Questionstorming is a brainstorming technique that focuses on generating as many questions as possible around a particular issue. The idea is to fully scope out an issue through questions rather than seeking immediate answers.

The technique can be used in a variety of settings, including problem-solving, strategy development and innovation. By asking lots of questions, you can gain a deeper understanding of the issue, uncover assumptions and biases and generate new ideas and perspectives all without looking for answers.

How Does it Work?

To conduct a Questionstorming session:

  • Turn off all phones, remove other distractions and set a time limit.
  • The facilitator first asks the group to clearly define the issue at hand. Without a clear focus, the questions may potentially lead you off in random directions rather than circle back and around the issue at hand. Feel free to spend time on ensuring there is consensus as to what is being explored. It should be a short simple statement: Sales are lower than expected.
  • The facilitator then encourages participants to ask questions and to build on each other’s ideas. The idea is to generate as many questions as possible, without any concern as to possible answers. The facilitator ensures that all the questions are recorded in some form (either by the person asking on a sheet in front of them or ideally on a communal whiteboard).
  • When the group begins to run dry, the facilitator goes through all the questions, opening the closed questions and closing the open ones. For example, the closed question “Are prices too high?” might become “How might price be a factor?” The closed question suggests a limited set of possible answers (and hence other questions), while the open question encourages exploration of various factors even beyond pricing. The group reflects on these questions to see whether they trigger anything new.
  • The group then picks out the top questions that seem worthy of further exploration. Nevertheless, my sense is that it is worth preserving all the questions in some form (photo….).

Question Writing Variants

Group work has certain issues including group dynamics and bandwidth. Group dynamics means that people may self-censure and bandwidth means that only one person can really speak at a time. Possible options to mitigate both issues are to:

  • Invite everyone to work on their own for say 10 to 15 minutes, writing down as many questions as possible. Once the time is up, the facilitator can go around the room, asking each person to share one question at a time, which can then also be opened / closed. Any new questions that come up in the process can also be noted down.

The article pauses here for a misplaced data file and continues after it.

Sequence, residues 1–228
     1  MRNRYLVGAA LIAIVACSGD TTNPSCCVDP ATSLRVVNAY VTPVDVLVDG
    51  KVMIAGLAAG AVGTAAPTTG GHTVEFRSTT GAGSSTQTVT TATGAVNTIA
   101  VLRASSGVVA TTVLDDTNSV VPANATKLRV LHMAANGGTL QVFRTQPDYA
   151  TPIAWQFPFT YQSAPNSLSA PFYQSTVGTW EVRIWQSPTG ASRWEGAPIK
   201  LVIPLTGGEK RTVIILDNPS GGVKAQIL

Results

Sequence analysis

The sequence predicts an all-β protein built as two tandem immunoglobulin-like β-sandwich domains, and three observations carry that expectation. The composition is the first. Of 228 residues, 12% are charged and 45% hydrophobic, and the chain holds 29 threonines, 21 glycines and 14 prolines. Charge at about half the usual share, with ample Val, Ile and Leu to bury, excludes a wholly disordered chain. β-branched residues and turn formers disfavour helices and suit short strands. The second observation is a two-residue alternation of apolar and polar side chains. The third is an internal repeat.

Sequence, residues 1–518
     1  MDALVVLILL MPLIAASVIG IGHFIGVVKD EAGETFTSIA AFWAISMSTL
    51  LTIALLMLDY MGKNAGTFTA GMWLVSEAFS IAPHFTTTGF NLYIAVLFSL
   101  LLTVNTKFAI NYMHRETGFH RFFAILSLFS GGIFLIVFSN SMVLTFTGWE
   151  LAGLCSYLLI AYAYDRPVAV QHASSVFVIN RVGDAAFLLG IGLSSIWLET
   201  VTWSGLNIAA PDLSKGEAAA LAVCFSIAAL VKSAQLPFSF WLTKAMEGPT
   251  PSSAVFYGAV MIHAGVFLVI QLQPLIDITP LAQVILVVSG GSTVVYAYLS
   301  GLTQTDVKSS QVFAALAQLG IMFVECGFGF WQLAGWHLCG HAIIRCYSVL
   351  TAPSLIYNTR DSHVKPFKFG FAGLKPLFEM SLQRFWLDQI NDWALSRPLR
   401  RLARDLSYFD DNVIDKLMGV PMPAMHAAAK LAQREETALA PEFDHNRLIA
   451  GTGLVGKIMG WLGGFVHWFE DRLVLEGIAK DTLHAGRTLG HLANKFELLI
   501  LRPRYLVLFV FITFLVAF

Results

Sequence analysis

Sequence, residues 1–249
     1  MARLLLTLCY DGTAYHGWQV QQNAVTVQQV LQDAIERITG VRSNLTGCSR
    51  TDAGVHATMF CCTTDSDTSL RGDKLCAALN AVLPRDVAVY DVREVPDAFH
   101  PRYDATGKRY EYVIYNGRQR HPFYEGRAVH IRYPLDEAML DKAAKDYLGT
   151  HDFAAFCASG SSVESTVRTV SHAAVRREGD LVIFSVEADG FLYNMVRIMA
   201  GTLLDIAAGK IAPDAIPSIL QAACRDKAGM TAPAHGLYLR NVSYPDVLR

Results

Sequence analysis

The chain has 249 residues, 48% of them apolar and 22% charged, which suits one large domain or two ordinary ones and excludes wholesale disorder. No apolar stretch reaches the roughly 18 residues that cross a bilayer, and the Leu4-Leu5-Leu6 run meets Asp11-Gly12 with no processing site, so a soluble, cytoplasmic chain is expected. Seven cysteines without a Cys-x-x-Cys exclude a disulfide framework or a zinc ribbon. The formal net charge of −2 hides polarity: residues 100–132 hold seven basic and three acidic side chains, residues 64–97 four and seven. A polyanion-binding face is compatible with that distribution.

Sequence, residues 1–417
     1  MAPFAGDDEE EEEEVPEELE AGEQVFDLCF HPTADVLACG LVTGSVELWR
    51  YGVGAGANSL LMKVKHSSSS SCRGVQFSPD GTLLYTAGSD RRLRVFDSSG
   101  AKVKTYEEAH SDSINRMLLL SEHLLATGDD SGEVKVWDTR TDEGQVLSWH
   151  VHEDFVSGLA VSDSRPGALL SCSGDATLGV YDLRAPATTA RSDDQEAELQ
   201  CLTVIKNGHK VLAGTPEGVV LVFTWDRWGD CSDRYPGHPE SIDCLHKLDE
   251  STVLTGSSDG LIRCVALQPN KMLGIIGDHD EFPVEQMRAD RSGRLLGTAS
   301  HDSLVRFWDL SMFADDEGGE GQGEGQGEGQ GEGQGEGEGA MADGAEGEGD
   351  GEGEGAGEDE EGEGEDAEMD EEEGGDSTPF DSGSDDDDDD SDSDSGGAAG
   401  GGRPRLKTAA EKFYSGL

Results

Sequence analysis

• Agree the starting statement a week in advance and get everyone to do the first stage of questionstorming on their own. They can send their questions to the facilitator in advance and the questions consolidated and presented to the group to stimulate further exploration. Names don’t necessarily need to be associated with questions to ensure everyone feels free to propose any question and nobody is biased against any question.

Questions in the Image:

  • What represents a good question?
  • What is a good question supposed to achieve?

Want to Read More Around this Topic?

A More Beautiful Question by Warren Berger (link to This is a fantastic book for anyone looking to bring more questions into their life. It also briefly covers Questionstorming, amongst much else.

Nurturing Curiosity – Daily Practice: This is part of the Nurturing Curiosity series of tools, insights and questions designed to help nurture curiosity as part of our daily practice. In point of fact, every interaction we have is an opportunity to question what we are observing and how we and others are seeing the world. Also remember that questions come in many forms throughout our day. As we engage with questions it can be easy to think “good question” / “bad question” and yet How can we tell? We can tell if a question is effective – obtained the information we were after or offered a moment of insight – and yet every question serves some purpose even if it only in conveying information about the person asking it. For example, I struggle with binary questions – Would you like tea or coffee? Asking me what I would like to drink feels more effective as I can still politely decline. And yet, it tells me a lot about the asker including that they are thinking about my wellbeing.

About Tom O’Leary

I coach, mentor and teach leaders who are shaping a brighter future.

Leadership can be lonely, the challenges daunting, and the workload overwhelming. I help leaders feel heard, gain clarity, take action, build confidence and thrive! Leaders matter. Their work matters. We need them at their best!

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